On November 19, 1863, President Abraham Lincoln delivered one of the best known speeches in American history, at the dedication of the Soldiers National Cemetery in Gettysburg, Pennsylvania.
This essay is part of a series of opinion pieces. Each one is no longer than 272 words, the length of Gettysburg Address, and responds with a view of how Lincoln’s spoken ideas in Gettysburg are relevant to America in 2017.
Great tasks remain before us in 2017, just as Lincoln charged in his 1863 Gettysburg Address. Re-emphasizing founding propositions: equality and liberty. Resisting distractions: resentment, political pettiness, and shiny objects which detract from advancing the common good and human dignity. Re-envisioning government: the roles of and sacrifices of flesh-and-blood citizens of, by, and for representative democracy.
His Address charts a quick timeline. Between the first and second sentence, Lincoln lopes over 87 years from the Declaration of Independence to the Civil War. By the fourth sentence, Lincoln places himself in the Pennsylvanian farm field, before hundreds who were shivering in the November wind. From his vantage, point he saw mourners and survivors; shallow graves and still unburied fallen.
And in the distance he sees “us.”
“It is for us the living, rather, to be dedicated here to the unfinished work.” It is we the people who shall form a more perfect union; we who hold equality and liberty as self-evident truths. In Lincoln’s timeline democracy did not perish; it is “nobly advanced” when citizens take up the unfinished work relevant to their time.
And “takes” in 2017 are ubiquitous. Taking to task politicians at town halls. Taking on crafted disunities. Taking up on appeal. Taking down statues. Taking to the polls. Taking the moral high ground on repeals. Taking up the Twitter gauntlets. Taking it to the streets in pink hats; against torches; for equity. Taking a knee on a football field. Taking out elected-office nomination forms.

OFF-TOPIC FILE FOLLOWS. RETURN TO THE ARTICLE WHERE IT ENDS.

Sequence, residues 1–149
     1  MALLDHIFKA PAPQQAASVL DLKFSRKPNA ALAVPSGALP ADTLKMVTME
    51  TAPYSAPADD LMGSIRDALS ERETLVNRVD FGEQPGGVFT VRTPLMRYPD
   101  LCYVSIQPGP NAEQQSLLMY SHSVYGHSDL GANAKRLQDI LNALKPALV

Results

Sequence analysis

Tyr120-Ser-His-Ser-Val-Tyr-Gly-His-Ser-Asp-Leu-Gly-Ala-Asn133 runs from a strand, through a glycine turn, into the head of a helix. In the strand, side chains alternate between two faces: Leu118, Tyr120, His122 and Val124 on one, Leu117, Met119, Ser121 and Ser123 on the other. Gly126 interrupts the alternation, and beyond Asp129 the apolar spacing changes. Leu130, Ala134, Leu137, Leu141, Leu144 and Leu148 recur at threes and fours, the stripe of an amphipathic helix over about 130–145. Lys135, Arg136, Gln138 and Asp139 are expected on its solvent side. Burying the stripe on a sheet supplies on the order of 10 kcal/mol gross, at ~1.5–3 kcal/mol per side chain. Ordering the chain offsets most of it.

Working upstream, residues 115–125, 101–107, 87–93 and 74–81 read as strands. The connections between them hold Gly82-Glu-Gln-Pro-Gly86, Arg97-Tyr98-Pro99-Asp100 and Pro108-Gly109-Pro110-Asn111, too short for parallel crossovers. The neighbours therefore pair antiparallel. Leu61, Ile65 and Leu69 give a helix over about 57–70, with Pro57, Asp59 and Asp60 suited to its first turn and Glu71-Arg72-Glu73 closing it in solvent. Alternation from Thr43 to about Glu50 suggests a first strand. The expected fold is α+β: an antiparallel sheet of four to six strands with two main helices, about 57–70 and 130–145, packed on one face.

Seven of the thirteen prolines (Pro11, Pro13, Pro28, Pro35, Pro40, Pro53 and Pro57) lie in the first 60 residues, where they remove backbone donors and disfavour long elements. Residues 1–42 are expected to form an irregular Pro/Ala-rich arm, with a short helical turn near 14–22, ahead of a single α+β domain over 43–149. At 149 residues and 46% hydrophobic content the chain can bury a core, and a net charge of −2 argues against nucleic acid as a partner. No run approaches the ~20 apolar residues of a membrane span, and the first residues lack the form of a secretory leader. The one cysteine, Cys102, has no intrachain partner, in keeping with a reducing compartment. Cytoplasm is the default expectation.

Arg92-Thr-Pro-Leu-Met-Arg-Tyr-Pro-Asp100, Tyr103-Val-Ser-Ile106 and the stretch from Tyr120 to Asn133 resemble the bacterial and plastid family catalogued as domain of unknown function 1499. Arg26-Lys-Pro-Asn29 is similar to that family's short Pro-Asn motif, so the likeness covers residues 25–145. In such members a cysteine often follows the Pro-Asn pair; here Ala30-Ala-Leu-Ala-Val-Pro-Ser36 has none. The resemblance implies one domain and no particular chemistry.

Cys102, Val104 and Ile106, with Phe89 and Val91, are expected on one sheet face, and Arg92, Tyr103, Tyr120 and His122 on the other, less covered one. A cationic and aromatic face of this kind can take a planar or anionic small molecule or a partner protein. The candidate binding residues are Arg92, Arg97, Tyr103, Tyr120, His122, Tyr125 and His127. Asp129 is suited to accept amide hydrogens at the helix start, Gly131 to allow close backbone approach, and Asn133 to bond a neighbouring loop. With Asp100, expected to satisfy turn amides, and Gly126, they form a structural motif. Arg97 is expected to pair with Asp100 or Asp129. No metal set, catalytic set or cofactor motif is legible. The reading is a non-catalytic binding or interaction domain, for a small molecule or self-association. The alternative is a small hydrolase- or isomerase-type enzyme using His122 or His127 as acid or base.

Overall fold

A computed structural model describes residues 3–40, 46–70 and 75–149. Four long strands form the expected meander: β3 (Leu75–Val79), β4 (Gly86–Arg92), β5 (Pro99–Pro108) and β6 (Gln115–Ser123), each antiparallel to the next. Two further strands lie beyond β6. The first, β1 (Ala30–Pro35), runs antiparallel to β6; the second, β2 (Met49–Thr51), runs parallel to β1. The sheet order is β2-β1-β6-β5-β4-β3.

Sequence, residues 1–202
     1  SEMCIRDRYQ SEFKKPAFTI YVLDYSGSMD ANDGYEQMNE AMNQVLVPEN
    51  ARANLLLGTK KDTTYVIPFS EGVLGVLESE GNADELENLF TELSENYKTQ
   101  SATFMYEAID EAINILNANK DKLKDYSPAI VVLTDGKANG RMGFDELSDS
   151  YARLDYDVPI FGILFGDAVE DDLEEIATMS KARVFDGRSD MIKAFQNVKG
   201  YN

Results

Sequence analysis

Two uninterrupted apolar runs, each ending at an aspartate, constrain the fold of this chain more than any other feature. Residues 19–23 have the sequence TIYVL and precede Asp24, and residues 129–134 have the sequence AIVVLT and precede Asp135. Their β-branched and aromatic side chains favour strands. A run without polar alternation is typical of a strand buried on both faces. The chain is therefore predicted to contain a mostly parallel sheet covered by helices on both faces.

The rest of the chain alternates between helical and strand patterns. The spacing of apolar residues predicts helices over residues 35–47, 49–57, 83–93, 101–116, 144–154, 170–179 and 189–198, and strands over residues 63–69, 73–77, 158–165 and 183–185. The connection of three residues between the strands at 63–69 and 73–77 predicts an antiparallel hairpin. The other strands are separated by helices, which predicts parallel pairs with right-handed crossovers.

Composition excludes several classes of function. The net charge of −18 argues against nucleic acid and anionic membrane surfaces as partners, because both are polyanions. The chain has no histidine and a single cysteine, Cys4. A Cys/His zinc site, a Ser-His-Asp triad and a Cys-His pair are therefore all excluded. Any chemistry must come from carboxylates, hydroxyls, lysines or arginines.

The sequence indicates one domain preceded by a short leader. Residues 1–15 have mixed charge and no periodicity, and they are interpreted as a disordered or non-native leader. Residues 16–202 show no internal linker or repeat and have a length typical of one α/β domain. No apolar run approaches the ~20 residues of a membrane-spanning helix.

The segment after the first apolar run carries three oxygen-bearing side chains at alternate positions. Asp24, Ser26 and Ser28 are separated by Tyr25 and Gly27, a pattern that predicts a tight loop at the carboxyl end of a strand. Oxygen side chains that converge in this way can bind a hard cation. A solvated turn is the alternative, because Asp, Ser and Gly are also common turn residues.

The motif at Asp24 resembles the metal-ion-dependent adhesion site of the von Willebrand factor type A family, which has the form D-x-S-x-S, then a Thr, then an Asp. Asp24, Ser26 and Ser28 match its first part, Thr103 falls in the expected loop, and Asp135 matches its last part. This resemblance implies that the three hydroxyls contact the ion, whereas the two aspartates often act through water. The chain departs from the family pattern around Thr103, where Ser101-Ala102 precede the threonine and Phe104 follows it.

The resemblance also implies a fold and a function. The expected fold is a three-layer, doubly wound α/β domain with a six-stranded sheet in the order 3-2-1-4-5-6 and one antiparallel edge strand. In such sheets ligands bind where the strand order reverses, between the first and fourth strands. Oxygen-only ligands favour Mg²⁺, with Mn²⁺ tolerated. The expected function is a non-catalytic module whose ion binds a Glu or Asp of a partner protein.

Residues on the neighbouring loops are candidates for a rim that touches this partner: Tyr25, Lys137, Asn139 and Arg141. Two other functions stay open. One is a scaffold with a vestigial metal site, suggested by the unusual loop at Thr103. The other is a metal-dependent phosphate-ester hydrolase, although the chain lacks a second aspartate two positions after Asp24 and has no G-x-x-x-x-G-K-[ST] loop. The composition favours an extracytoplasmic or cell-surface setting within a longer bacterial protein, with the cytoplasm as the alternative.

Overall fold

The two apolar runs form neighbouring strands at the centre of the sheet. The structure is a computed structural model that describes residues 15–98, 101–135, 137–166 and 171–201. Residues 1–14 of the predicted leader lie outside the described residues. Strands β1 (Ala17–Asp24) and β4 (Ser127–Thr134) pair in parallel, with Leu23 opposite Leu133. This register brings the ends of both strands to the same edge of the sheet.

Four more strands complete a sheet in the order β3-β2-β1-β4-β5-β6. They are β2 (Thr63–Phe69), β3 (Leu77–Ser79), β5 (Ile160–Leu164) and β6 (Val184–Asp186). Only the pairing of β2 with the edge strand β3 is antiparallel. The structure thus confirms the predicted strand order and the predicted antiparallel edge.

Heeding Lincoln’s poetic and prophetic words, advancing self-governed citizenship under the Constitution and under his Emancipation Proclamation, “it is altogether fitting and proper that we should do this.”
Lincoln's Gettysburg Address (The Bancroft Version)
Four score and seven years ago our fathers brought forth, on this continent, a new nation, conceived in Liberty, and dedicated to the proposition that all men are created equal.
Now we are engaged in a great civil war, testing whether that nation, or any nation so conceived, and so dedicated, can long endure. We are met on a great battle-field of that war. We have come to dedicate a portion of that field, as a final resting-place for those who here gave their lives, that that nation might live. It is altogether fitting and proper that we should do this.
But, in a larger sense, we can not dedicate, we can not consecrate, we can not hallow this ground. The brave men, living and dead, who struggled here, have consecrated it far above our poor power to add or detract. The world will little note, nor long remember what we say here, but it can never forget what they did here. It is for us the living, rather, to be dedicated here to the unfinished work which they who fought here have thus far so nobly advanced. It is rather for us to be here dedicated to the great task remaining before us that from these honored dead we take increased devotion to that cause for which they here gave the last full measure of devotion – that we here highly resolve that these dead shall not have died in vain that this nation, under God, shall have a new birth of freedom, and that government of the people, by the people, for the people, shall not perish from the earth.
Cornell University Library’s copy of Abraham Lincoln’s Gettysburg Address is one of five known copies in Lincoln’s hand. Written out by President Lincoln at the request of U.S. historian, George Bancroft, this copy, the fourth that Lincoln composed, is known as the Bancroft Copy.